Governor Ivey and the Abuse of Power by Taxpayer Tom

A vacancy in District 6 of the Madison County Commission was created on October 25, 2017 when Commissioner Bob Harrison died. His untimely demise came less than one year after he was reelected to another four year term in November 2016. It was a sad note just as primary election campaigns were picking up speed with the start of the January 9 to February 8 primary ballot qualification period looming just 75 days ahead.

The governor of Alabama has the authority and responsibility to fill county commission vacancies, a responsibility Governor Ivey met after 135 days on March 9 by appointing Huntsville police Captain JesHenry Malone, a Democrat.

Because  the filing period closed a month before the appointment, this commission seat will not be on the general election ballot until November 2020. Had Governor Ivey taken less than 107 days and filled the vacancy before the filing period closed, the seat would have been voted on in the June primary and November 2018 general elections.

By Ivey’s way, her appointee serves for nearly three years rather than only one, and the voters are denied the opportunity to decide whom they might have wanted for the last two years of the term after this year’s general election. By waiting 135 days, Ivey effectively disenfranchised the voters of Madison County Commission District 6. That Ivey appointed a Democrat does not matter. Alabama is a republic and in a republic we ask voters to tolerate appointments to vacancies in elected offices only for the shortest practical time.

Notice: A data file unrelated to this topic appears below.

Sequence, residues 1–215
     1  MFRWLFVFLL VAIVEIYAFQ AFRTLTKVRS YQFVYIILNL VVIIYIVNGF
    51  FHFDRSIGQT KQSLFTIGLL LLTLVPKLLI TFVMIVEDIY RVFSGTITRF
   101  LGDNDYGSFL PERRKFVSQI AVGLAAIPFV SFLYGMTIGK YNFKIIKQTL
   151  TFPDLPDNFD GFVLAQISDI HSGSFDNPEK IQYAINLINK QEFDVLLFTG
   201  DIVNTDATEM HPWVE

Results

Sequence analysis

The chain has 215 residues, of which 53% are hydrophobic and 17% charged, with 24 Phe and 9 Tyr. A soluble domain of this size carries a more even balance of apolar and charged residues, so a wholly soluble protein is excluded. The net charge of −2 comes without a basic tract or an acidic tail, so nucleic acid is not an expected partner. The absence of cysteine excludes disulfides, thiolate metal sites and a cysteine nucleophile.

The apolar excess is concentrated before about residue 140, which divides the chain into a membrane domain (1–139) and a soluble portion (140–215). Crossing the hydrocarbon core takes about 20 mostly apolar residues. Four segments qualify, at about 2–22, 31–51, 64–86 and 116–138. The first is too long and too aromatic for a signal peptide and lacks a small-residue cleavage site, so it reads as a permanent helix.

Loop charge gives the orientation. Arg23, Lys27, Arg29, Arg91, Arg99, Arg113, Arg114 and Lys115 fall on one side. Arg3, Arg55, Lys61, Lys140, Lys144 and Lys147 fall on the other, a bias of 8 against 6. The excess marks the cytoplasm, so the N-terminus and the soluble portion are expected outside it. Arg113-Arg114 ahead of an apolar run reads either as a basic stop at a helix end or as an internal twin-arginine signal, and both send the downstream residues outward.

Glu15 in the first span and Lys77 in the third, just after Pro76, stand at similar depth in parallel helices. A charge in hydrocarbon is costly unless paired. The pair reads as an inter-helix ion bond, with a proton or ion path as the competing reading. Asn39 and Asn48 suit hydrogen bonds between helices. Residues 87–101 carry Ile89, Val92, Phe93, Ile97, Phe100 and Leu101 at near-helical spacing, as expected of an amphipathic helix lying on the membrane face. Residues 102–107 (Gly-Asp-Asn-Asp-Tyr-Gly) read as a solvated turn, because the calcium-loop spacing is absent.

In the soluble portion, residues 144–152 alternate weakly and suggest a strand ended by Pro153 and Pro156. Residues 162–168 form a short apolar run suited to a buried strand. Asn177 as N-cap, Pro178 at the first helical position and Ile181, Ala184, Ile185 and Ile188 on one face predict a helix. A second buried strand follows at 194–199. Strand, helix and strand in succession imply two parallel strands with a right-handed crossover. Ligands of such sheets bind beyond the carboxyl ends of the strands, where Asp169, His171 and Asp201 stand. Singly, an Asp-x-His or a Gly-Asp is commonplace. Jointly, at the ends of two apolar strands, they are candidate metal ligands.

And it is not that Ivey cannot act fast when she wants to. It took her only two weeks in January to fill a vacancy on the Alabama Supreme Court, an obviously more weighty decision, a decision that has allowed her appointee to run as an incumbent in this year’s primary.

An honorable person would have made the county commission appointment before the filing period began and allowed the people to vote for this position in the 2018 primary and general elections just as they will do for her supreme court appointee.

Shame on Kay Ivey for expanding executive power and stealing power from the people. Happily, she did not appoint a Republican who would have to share her shame.

Ivey wants to be the GOP nominee for governor and will on be the Republican primary ballot on June 5. This is a privilege she is not worthy of. She should not even be on the GOP ballot because supporting a Democrat to take an elective office is an act of disloyalty worthy of being denied ballot access.

And not wanting her to be elected is a view is shared by others. On March 10, in a Tennessee Valley Republican Club straw poll, Ivey got only 2 of the 56 votes cast (and it was not because this was in Tommy Battle’s backyard, he got only 8 votes).

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